Thursday, 26 February 2009


The English Bridge Union (EBU) has launched a funded scheme to bring Minibridge into the school classroom over the next three years. This has been made possible, since our Youth and Education charitable trust received a donation from the Milton Damerel Trust.

But what is Minibridge? Minibridge is a simplified version of the game of bridge and is the route into bridge recommended by the English Bridge Union. Minibridge was first developed in France and the Netherlands as an introduction to bridge for schoolchildren and was soon acknowledged as an excellent game in its own right.

Minibridge has proven suitable for classroom use, allowing children the opportunity to improve their logical and lateral thinking skills within the framework of play, which offers dynamic brain training. See Minibridge and children. Our new initiative will help to introduce Minibridge to primary schools, so we can help the children with their maths.

In this blog I would like to introduce David Adelman. David is the EBU’s Manchester Youth Officer and an experienced Bridge teacher. He is currently working with the English Bridge Union on their Minibridge initiative and provides the training.

David Adelman

On a recent visit to Fairway Primary School in Offerton, Stockport, I had the chance to talk to David and watch him in action.

Mike: Tell us more about this project?

David: It’s about a vision in bringing a fun activity into the classroom. Minibridge is a game which can be taught to staff in minutes and by the same staff to their pupils in a few lessons. I see Minibridge as a route into bridge and the skills children are learning are bridge problem-solving. I have been using the same teaching style with adults and I think the results speak for themselves, a new generation of competitive players is being developed and this is what the game needs.

We are in an age when there is as much pressure to raise standards in maths and social skills.

Mike: Do you think it’s realistic to expect non-card playing teaching staff to able to do this?

David: Yes certainly, and this is what we are doing here at Fairway School with Year Four children. The class teacher is a not a bridge player, but she has already commented on the interest and enthusiasm of the class. Additionally, Boris Ewart and I have spent a lot of time developing a new interactive CD, which will allow children to learn card-playing skills.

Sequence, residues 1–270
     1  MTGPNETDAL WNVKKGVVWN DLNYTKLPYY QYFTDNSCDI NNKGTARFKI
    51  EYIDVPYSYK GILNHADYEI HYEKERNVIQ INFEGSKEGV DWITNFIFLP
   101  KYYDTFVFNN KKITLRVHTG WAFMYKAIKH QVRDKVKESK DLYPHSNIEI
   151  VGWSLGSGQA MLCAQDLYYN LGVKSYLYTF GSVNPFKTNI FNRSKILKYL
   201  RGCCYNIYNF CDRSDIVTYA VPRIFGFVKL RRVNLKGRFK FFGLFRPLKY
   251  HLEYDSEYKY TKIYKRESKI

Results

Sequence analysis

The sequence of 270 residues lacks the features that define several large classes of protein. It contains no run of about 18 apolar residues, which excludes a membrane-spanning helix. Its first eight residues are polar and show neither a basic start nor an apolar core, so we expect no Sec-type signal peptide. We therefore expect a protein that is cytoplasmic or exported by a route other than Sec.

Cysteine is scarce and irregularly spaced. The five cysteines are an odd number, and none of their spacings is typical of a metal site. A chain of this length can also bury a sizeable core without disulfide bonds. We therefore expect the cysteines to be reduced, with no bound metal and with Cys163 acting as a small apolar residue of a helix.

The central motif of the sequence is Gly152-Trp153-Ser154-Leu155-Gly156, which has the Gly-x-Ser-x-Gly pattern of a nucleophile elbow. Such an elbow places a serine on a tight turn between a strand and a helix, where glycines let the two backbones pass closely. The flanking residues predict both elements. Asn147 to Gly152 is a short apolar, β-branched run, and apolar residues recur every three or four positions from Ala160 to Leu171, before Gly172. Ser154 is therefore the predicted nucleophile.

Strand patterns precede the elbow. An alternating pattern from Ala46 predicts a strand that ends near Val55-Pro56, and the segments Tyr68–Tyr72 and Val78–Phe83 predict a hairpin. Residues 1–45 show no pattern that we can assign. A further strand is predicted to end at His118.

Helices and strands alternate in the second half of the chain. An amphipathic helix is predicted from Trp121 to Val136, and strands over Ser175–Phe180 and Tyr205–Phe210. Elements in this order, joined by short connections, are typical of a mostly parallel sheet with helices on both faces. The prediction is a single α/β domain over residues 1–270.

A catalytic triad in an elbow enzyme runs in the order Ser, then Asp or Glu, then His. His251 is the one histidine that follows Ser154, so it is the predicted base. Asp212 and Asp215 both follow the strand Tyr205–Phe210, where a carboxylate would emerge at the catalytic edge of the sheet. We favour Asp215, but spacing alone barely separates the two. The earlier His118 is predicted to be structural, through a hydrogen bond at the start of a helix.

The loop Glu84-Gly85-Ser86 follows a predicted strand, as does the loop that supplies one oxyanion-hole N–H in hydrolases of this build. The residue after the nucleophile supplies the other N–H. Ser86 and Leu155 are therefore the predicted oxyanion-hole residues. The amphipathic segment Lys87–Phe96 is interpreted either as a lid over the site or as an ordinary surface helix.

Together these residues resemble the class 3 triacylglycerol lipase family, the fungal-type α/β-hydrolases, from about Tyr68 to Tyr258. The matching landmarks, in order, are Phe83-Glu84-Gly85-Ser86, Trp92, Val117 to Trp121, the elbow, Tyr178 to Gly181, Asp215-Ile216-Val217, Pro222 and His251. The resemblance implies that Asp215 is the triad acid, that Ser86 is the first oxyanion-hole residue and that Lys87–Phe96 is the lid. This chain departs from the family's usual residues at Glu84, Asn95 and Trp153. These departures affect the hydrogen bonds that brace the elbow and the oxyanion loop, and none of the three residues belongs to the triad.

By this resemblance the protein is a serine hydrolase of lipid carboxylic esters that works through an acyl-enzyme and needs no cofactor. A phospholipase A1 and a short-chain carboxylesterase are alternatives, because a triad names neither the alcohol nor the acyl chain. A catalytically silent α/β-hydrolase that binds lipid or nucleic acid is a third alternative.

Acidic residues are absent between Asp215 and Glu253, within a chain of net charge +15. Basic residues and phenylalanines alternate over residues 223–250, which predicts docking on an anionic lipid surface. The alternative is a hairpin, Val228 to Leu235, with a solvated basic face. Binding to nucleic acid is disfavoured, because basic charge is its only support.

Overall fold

Mike: How does it work?

David: The children can learn by actually playing. The CD has a series of graded problems with targets. The teacher can click on the cards on the interactive display while the pupils play with cards four to a table.

Card playing skills are at the heart of what we are trying to achieve. Children sometimes ask “Why am I doing this? Why can’t I just play?” I explain that trick awareness is like ball control skills for a football player. You don’t just go out and play, because first you must develop the skills!

Mike: Yes, I can see that very clearly in this class. I know this is their second class on Minibridge, and they are already playing with thirteen cards very well.

How does your approach to Minibridge differ from the more traditional approach illustrated in the EBU’s current literature and manuals?

David: Essentially it’s less complex. We only use No Trumps at this stage and targets simply determined by the number of points held by the partnership. Scoring is very simple; either you meet your target or you don’t. No need for scorecards or computer programs to decide the winners. If several schools in one area participate then they can compete, initially locally and in time regionally or even nationally.

Mike: I notice you don’t use much bridge jargon. Is that deliberate?

David: Of course! The underlying ethos is that bridge is a language and uses a language that only bridge players understand. Teaching people, especially young ones from scratch, you have to avoid bridge-talk at all costs. Today we played with

S AK2 opposite SQ3 and D3

They learn from playing. If they start with SAK they see the death of the Queen and can start to draw their own conclusions. Experience can create a language of explanation, jointly with the student, which they in turn can understand. I regard this student-centred approach as pragmatic and sensitive.

Mike: What’s the next step?

David: Well the Initiative is only in its first months. We have developed lots of contacts in the North-West / Manchester and in Sheffield and I know that others are being found else where. We have also set up our Minibridge section on the EBU website, so people can let us know if they’re interested. Have a look here.

Mike: Is there anything interested bridge players can do?

David: It’s all about word-of-mouth and building up contacts. Bridge players could talk to teachers whom they know or even better to Maths Advisors and the like.

Mike: Thank you, David

How can you be involved?
We will be showcasing the project in Manchester on 24 April 2009. Primary School teachers welcome. Please let us know if you would like to attend and for more details view here.

Please do contact either Matt Betts or myself, if you are a primary school teacher and would be interested in our initiative. Or simply fill in our form, which can be found on the Minibridge section of the website.